Monday, August 19, 2013
Lawrence is home to two photo studios that offer pinup portraits, and photographers say the style’s feminine vintage fashions and playful posing result in both a fun experience and finished products that look sexy without being sleazy. Here are some examples of their work.
Two Lawrence photography studios offer pinup-style portraits.
Emmalee Schaumburg runs Lawrence’s Bombshell Pin-Up Productions at Schaumburg Photography studio, 613 N. Second St. Contact: 856-6172, bombshells.info.
Racheal Major owns and operates Atomic Photography, 313 E. Eighth St., Suite B. Contact: 424-3603, atomicphotographyonline.com.
When she had pinup portraits taken last year, Kay Traver says she was the heaviest she’s ever been.
After winning a photo session at a charity auction, the 6-foot-1-inch blonde worried she was crazy for going through with the shoot when she did. But as she discovered upon seeing her proofs, there’s something about turning your head just right and sticking your bum out just so that makes any woman look fabulous.
“I looked so much better than I thought I did,” Traver says. “It was just absolutely amazing.”
Lawrence is home to two photo studios that offer pinup portraits, and photographers say the style’s feminine vintage fashions and playful posing result in both a fun experience and finished products that look sexy without being sleazy.
And, they say, the look works for ladies of all ages and all figure types.
“It’s about wearing confidence rather than wearing the clothes,” says Racheal Major, owner of Atomic Photography. “I think it’s just really celebrating the female body.”
The most famous pinup inspirations include glamour girls like Marilyn Monroe, Bettie Page and Betty Grable. Painters such as Gil Elvgren and Alberto Vargas — whose illustrations for Esquire now belong to Kansas University’s Spencer Museum of Art — also are known for their depictions of the female body, sometimes wearing more clothes than others.
Megan Birzer of Kansas City, Mo., who's been pictured in pinup magazines under the stage name Meg Boulette, describes pinup as a fun hobby and an up-and-coming form of artwork.
Birzer, who has done several shoots at Atomic Photography, says she gravitates to the classic "cheesecake" look — cutesy and smiling yet seductive — and loves the cat-eye makeup, red lips, bigger-the-better hair and girly retro outfits.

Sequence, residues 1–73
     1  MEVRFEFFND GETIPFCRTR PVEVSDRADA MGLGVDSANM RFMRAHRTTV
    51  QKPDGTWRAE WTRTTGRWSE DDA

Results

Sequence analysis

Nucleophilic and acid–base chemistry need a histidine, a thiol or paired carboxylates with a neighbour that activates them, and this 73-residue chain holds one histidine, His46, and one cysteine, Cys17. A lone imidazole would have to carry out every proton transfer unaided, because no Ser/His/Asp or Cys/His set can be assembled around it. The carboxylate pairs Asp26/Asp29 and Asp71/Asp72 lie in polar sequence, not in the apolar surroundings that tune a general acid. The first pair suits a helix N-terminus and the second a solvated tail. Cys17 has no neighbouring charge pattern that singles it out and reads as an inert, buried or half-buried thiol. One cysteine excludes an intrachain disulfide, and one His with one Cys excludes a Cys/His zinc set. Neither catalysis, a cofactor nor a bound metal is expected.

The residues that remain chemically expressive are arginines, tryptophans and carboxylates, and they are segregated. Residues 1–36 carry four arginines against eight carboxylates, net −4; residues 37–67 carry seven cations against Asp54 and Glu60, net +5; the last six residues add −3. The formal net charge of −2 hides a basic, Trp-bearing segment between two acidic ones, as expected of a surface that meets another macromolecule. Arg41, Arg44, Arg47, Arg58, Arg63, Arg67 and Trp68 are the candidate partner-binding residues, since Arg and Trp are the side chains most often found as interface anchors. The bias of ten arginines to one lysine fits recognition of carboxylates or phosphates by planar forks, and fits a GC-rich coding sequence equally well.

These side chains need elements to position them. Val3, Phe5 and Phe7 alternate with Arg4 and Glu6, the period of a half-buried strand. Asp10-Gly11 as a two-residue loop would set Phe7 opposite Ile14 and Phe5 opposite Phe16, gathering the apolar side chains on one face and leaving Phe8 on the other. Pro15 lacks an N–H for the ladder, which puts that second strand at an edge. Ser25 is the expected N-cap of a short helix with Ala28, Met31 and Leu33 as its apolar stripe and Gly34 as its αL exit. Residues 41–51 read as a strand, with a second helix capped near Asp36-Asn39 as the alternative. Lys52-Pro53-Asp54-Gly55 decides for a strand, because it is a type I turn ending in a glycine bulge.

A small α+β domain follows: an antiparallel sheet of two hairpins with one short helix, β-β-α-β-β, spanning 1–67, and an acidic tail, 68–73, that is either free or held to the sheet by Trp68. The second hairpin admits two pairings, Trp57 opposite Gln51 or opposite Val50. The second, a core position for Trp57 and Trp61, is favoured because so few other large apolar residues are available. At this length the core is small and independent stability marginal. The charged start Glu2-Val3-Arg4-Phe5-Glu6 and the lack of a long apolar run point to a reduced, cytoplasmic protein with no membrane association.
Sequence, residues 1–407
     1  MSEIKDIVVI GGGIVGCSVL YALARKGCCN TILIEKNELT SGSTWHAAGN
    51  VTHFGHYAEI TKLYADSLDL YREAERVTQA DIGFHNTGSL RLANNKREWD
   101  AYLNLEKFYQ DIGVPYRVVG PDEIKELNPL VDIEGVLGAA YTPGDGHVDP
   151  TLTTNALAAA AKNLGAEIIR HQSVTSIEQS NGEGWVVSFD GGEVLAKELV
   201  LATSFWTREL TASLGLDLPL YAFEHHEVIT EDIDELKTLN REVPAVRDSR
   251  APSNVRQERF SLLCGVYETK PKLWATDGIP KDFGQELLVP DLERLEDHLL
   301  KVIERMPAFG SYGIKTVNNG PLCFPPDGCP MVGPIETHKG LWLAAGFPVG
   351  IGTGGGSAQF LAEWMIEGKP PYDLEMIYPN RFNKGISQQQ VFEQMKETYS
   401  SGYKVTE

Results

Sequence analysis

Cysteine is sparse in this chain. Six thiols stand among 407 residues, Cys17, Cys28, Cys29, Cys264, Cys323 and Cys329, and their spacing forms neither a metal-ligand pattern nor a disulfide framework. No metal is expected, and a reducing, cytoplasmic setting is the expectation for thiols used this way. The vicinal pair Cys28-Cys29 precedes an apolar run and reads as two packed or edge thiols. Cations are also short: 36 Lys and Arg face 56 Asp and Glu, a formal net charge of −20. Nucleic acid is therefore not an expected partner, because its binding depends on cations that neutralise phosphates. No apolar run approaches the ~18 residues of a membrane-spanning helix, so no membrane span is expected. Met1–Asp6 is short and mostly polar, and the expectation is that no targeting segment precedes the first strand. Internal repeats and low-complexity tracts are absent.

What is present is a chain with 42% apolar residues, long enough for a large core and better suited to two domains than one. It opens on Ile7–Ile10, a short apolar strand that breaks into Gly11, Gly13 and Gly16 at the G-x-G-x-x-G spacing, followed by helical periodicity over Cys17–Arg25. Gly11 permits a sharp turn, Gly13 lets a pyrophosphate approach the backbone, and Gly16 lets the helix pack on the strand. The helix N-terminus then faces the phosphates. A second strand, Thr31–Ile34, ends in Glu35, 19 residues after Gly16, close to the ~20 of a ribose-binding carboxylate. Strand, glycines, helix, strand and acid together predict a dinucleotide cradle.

"You can’t not feel sexy in some back-seam panty hose and a pair of high heels," Birzer says. "Of course you’re going to feel fabulous.”
Major started shooting pinup portraits in 2009 after moving to Lawrence from Kearney, Neb. She and friend Jen Young worked on location or out of Young’s garage until March of 2012, when Major opened her studio at 313 E. Eighth St.
She says most of her clients have photos taken for husbands or boyfriends, or sometimes to mark a milestone in life. Her most popular themes are sweet, housewifey-type shots, but for photos that will be private, many women bare a lot more skin. Her studio is full of props ranging from a bright yellow rotary phone to a green, vintage bicycle, with backgrounds in a variety of candy colors.
She has an assortment of vintage outfits and sexy shoes, and also encourages clients to bring their own if they find something they love.
Major does most of her own clients’ hair — 1940s victory rolls are her go-to style — and makeup — bright red lips and bold eyeliner. She says she loves seeing women come out of their shells after they’re all dolled up and start posing under the lights.
“It doesn’t matter what body type you are, you can feel good and look great,” Major says.
At Bombshell, photographer Emmalee Schaumburg cites Elvgren’s paintings as her favorite inspiration — think themed outfits, pursed lips, coy smiles and looks that say, “Oopsie, I swear I was just standing here when that car raced by and blew my skirt up!”
“It’s definitely fun,” Schaumburg says.
Schaumburg provides vintage clothing, hairstyling and minimal makeup for her subjects, and poses them meticulously to ensure their fingers are just right and camera angles flatter. A labor-intensive digital editing process gives Bombshell photos their signature Elvgren-like hand-painted look — flawless rosy cheeks and bold, sultry eyelashes are actually added digitally, as are most of the scenes and props in the background, Schaumburg says.
Carol Ann Zuk and John Gladman founded Bombshell in 2010 and have since moved to Las Vegas and are shooting Bombshell photos there. Schaumburg now is in charge of Bombshell’s Lawrence location, operating out of the same North Lawrence building that houses her Schaumburg Photography studio, 613 N. Second St.
Schaumburg shot Traver’s Bombshell portraits last year. Traver, a Lawrence resident and the marketing coordinator at Theatre Lawrence, says she has some modeling experience but still felt apprehensive.
She was relieved when Schaumburg put her at ease, listened to her body image concerns and made sure every pose was just right.
Donna McCain, of Lawrence, had Bombshell photos taken earlier this year, just before she turned 70. In addition to a typical pinup style lingerie shoot, she had a second portrait taken with her husband of 52 years, Fairley McCain.
Their flirty photo is set in an Italian-esque garden, with him standing in a dapper driving cap, collared shirt and slacks, and she seated in a pencil skirt, polka-dot top, brimmed hat and red high heels — ankles crossed, hand behind her head, looking up into his eyes and smiling.
While part of the background was digitally created, the glasses of red wine they’re holding were real, which Donna McCain says didn’t hurt when it came to relaxing.
“Men don’t usually like having photographs taken, but my husband had such a good time,” she says. “We had such fun.”